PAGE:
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Study: Treat dementia differently

Wednesday, July 05, 2000

By Lindsey Tanner, The Associated Press

CHICAGO (AP) - Doctors often fail to acknowledge the final stages of Alzheimer's disease and other forms of dementia as a terminal illness and subject patients to invasive procedures when providing comfort care would sometimes be more appropriate, research suggests.

The findings, reported in today's Journal of the American Medical Association, indicate that patients suffering from the degenerative neurological condition are often treated for other problems as though the dementia itself was not terminal. That oversight affects the quality of their final months of life, researchers suggested.

The research could have broad implications for the estimated 1.8 million people nationwide with end-stage dementia. Patients in the final stages of dementia can't talk or recognize family members, frequently can't walk and must rely on others for daily care.

Alzheimer's disease, which affects more than 4 million Americans, is the leading cause of dementia.

The study compared treatment given to dementia-free elderly patients and those with end-stage dementia who were hospitalized for either hip fractures or pneumonia - two common ailments in the elderly. Those with end-stage dementia were found to be at least four times more likely to die within six months.

But the dementia patients were given the same degree of invasive treatment, such as daily blood tests, X-rays and catheters, as patients without dementia, the authors reported.

The study was conducted at an unidentified hospital in New York.

A treatment model developed 14 years ago recognized end-stage dementia as terminal and recommended hospice care, focusing on easing discomfort rather than invasive treatment. But the new study suggests "this concept has yet to gain acceptance," Dr. Don Riesenberg of the Binghamton Veterans Affairs Clinic in Binghamton, N.Y., wrote in a JAMA editorial.

Riesenberg said the study underscores the importance of living wills. Doctors should discuss treatment wishes with family members or patients before they become incapacitated to decide on care and "whether the standard of care for hospitalized patients is appropriate for patients with severe dementia," he said.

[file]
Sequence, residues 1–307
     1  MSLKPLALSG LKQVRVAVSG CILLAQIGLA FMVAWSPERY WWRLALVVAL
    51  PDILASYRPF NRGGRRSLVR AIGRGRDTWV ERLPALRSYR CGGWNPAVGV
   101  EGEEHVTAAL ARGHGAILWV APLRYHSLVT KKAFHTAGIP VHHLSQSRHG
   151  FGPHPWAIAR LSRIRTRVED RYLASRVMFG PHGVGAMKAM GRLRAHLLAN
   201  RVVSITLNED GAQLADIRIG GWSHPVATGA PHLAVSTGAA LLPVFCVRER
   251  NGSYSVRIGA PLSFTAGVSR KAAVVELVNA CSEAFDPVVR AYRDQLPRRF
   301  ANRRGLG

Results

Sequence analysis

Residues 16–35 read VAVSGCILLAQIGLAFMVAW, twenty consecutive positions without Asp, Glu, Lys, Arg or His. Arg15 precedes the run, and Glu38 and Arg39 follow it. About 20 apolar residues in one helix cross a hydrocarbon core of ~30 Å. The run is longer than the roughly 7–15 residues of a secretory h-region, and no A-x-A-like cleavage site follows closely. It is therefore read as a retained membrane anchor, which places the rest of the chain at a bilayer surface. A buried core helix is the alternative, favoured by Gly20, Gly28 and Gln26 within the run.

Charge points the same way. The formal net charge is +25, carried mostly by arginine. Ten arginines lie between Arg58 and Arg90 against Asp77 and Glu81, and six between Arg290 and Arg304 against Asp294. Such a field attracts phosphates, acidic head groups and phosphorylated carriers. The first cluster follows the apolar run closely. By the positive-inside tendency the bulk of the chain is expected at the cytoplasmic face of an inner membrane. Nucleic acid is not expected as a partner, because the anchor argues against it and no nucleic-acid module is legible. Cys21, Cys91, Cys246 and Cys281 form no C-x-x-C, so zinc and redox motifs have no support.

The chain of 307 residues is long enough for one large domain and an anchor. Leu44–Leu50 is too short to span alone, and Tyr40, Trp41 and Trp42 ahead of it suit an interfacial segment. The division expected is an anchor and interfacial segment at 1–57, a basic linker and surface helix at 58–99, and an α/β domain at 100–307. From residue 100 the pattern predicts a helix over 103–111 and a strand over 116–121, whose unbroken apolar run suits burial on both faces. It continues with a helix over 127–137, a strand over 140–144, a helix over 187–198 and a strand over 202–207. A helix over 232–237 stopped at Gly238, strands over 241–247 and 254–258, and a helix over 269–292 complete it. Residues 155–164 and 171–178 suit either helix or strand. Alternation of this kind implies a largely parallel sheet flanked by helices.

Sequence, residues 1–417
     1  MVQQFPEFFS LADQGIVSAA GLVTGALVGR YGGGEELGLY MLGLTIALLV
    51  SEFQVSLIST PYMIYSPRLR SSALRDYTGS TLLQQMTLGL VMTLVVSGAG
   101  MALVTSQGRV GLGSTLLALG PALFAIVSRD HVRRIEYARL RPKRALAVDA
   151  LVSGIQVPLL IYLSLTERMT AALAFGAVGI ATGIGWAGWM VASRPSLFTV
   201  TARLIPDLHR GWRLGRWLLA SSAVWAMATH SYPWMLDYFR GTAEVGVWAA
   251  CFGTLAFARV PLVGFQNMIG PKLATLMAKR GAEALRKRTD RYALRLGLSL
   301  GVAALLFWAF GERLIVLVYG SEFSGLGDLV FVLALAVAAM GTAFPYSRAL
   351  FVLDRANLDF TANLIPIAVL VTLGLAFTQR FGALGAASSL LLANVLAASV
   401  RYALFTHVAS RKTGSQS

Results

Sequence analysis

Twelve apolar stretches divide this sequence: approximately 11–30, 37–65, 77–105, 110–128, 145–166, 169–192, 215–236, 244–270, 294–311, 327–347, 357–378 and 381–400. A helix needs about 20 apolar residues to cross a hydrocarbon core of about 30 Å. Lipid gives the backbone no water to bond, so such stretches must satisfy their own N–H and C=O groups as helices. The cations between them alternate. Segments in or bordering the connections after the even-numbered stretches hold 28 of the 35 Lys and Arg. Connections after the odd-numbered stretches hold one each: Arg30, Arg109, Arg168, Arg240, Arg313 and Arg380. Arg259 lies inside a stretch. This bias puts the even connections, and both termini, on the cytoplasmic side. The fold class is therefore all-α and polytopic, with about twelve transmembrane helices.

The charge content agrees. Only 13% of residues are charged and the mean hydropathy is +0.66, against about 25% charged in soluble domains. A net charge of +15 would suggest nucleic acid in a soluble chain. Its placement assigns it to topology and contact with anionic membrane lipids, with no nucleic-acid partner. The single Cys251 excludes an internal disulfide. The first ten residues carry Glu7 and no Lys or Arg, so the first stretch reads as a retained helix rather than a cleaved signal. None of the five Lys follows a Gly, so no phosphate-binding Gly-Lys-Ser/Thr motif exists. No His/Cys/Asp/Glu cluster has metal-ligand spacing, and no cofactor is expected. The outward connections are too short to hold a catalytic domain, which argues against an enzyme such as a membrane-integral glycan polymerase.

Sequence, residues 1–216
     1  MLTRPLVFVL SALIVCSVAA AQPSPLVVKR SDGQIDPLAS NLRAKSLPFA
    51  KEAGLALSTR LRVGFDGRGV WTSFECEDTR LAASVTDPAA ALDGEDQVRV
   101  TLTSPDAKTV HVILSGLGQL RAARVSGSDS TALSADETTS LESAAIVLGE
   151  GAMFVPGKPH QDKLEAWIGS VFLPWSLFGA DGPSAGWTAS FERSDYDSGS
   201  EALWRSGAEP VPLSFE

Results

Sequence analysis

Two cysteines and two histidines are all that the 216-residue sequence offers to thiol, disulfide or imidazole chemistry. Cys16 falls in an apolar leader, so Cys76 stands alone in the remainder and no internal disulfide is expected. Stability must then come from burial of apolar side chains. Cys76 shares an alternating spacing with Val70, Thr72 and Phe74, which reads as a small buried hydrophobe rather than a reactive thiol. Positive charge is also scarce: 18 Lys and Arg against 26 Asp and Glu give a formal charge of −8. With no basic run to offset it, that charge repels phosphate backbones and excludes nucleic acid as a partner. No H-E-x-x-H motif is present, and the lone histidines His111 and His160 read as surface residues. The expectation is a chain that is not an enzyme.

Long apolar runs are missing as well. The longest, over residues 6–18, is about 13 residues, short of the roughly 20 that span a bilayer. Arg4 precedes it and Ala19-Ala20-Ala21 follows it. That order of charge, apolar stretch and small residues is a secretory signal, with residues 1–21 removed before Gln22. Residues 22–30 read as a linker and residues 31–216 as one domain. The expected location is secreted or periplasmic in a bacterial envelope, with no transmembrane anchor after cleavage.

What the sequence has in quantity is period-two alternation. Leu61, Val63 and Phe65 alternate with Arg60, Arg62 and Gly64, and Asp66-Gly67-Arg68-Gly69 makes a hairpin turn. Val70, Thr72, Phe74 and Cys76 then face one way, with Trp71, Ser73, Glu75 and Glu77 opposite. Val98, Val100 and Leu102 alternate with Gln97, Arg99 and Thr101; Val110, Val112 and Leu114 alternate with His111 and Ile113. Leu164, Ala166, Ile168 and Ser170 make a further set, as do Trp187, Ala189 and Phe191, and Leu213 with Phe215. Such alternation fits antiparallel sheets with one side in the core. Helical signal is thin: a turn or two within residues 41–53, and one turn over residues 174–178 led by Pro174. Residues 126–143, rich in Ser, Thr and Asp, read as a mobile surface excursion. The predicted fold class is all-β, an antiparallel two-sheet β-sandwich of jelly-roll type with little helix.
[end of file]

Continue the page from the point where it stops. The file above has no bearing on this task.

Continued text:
"A few minutes spent can save a world of suffering," Riesenberg said.

The authors looked at 97 patients age 70 and older with hip fractures and 119 with pneumonia, treated between September 1996 and March 1998. About half in each group had end-stage dementia.

Among hip-fracture patients, morphine doses were more than twice as high in the non-dementia patients. And only 9 (24 percent) of the 38 end-stage dementia patients, "who often are unable to communicate the presence of pain," had standing orders for other painkillers such as acetaminophen, the authors wrote.

The authors theorized that doctors withheld painkillers out of the mistaken assumption that the patients weren't in pain.

Dr. R. Sean Morrison, an assistant professor at Mount Sinai School of Medicine and the study's lead author, said it was unclear whether the hip fractures or the pneumonia hastened the dementia patients' deaths because dementia alone is terminal.

There were no plans recommending palliative (comfort) care rather than life-prolonging care for any of the dementia patients. For 90 percent of them, there also was no evidence that any discussion about treatment goals or withholding life-sustaining care had taken place.

The authors said they were not recommending that life-sustaining treatment or even all invasive tests be withheld from all end-stage dementia patients.

"At a minimum, what we're advocating is that the benefits and burdens of ... burdensome hospital treatments be carefully evaluated" for patients who have "a very limited prognosis," Morrison said.

On the Net: American Geriatrics Society:

Alzheimer's Association:

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